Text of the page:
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Call for applications, postdoctoral fellows, Utrecht

Call for Ph.D. Student Participants: Postsecular Publics at the University of Utrecht, Netherlands

Download call [pdf]

Ph.D. Students in the Faculty of Arts and Sciences at the University of Toronto are invited to submit proposals for the first meeting of the Postsecular Publics Working Group, a pioneering collaboration between the Jackman Humanities Institute at University of Toronto and the Centre for Humanities of the University of Utrecht. The first meeting will be held October 27-28, 2011 in Utrecht.

Participation requires:

  • attendance at the Utrecht meeting (travel and accommodation will be covered by the Postsecular Publics Working Group)
  • a five-page paper posted in advance of the meeting
  • active contribution to the group discussion
  • consistent attendance at future Working Group meetings held on the University of Toronto campus

The first meeting of the Postsecular Publics Working Group will focus on readings and responses to
Giovanna Borradori, Philosophy in a Time of Terror: Dialogues with Jacques Derrida and Jürgen
Habermas, in which each participant introduces and reflects on her or his own work in light of the
readings.

The Postsecular Publics Working Group has identified three thematic clusters emerging from
engaging with this text:

  1. communication, mediation, and the public, which features prominently in Habermas;
  2. the issues of tolerance, hospitality and diversity that Derrida takes up; and
  3. the body and violence.

Each participant will situate her or his own research with respect to one or more of these larger themes and the roles they play in the text. Especially fruitful would be an emphasis on new relations and linkages between these fields.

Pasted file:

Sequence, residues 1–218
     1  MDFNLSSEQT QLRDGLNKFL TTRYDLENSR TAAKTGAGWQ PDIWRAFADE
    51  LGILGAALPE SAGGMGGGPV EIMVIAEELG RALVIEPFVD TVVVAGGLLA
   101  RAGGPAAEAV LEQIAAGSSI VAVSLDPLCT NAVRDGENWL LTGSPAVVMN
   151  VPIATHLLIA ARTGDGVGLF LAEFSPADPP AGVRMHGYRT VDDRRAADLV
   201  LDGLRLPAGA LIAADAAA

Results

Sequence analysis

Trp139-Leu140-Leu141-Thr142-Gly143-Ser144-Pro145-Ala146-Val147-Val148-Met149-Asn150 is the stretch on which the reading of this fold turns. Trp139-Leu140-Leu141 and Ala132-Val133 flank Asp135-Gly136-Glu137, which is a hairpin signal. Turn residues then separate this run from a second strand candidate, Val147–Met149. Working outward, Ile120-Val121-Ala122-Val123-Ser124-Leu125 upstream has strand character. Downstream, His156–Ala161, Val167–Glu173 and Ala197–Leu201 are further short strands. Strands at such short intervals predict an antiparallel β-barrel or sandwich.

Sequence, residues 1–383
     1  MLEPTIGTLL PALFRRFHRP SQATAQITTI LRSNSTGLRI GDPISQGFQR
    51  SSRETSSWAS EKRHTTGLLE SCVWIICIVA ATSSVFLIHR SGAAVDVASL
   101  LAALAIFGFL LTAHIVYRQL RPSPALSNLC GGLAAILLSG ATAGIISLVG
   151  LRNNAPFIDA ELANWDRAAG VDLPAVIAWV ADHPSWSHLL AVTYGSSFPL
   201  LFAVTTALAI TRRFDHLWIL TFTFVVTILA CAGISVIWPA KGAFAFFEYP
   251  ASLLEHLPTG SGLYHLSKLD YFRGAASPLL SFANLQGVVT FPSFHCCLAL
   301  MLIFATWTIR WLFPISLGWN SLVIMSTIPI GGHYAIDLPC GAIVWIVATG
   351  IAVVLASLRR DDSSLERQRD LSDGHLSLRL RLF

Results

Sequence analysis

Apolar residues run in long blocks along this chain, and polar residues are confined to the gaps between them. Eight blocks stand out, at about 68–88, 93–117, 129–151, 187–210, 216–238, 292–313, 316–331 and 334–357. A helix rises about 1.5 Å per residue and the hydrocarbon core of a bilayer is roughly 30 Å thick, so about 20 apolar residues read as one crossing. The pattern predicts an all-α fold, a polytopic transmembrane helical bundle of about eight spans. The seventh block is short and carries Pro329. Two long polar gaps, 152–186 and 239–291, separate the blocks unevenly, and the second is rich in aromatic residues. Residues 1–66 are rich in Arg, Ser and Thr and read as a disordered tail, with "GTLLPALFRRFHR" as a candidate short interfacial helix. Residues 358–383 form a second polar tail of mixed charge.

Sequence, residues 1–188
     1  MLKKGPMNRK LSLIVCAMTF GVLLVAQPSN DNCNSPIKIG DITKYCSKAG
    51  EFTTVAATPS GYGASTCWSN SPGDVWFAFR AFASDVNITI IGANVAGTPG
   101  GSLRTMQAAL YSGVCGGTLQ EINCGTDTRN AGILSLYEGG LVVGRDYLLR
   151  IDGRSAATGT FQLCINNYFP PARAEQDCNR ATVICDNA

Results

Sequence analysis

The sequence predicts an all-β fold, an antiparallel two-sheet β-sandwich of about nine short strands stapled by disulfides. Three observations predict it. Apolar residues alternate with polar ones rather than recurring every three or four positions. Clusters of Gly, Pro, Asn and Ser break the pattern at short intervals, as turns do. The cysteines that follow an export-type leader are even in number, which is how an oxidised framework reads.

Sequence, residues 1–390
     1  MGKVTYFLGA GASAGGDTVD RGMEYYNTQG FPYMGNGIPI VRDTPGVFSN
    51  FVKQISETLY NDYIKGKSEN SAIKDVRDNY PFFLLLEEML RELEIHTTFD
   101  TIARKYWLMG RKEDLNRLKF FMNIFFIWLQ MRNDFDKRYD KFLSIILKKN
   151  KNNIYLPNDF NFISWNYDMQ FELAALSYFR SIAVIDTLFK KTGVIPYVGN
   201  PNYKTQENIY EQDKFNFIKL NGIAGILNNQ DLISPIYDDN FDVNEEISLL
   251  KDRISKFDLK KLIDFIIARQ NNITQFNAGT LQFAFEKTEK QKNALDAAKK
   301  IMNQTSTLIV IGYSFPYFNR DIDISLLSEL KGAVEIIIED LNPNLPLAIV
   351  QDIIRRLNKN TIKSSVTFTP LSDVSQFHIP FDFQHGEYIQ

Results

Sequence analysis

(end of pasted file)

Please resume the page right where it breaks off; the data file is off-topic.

Two Toronto Ph.D. students will be selected to participate in the Utrecht meeting, based on the
following criteria:

Two-page proposal outlining:

  • the relationship between the dissertation topic and the themes of the Postsecular Publics Working Group (please see below for detailed description)
  • the relevance of the themes of the first meeting for the dissertation research

Reference from Ph.D. Supervisor

  • (references will be requested only of students whose proposals are short-listed)

Proposals DUE: July 20, 2011
Please send to Prof. Pamela Klassen: p.klassen (at) utoronto.ca
We look forward to reading your proposals! If you have any questions, please contact Prof. Klassen.


Postsecular Publics

A Joint Working Group between the Jackman Humanities Institute, University of Toronto and the Centre for the Humanities, University of Utrecht

Bringing together faculty and students from the University of Toronto and the University of Utrecht, Postsecular Publics is a three-year working group focused on theories and methods for studying religion and public culture in transnational contexts. Based on face-to-face workshops and virtual conversations, the working group will draw together the research interests of its members to address questions of how religion intersects with postcolonial politics, cultural diversity, and policies and practices of multiculturalism in liberal democratic societies such as Canada and the Netherlands, as well as in less politically stable nation-states.

Postsecular Publics will bring about new perspectives on how religion interacts with the law in structuring citizenship and participation, on the role of media in generating new kinds of religious and secular identities, and on the significance of global migrations for transforming the public significance of religion. University of Toronto and Utrecht University hope that these perspectives will lead not only to new research perspectives and networks of students and faculty, but also to the development of innovative policies. Grounded practices and theories can providesustainable solutions to the political, cultural and religious challenges faced by liberal democratic societies today.

Proposed project strands: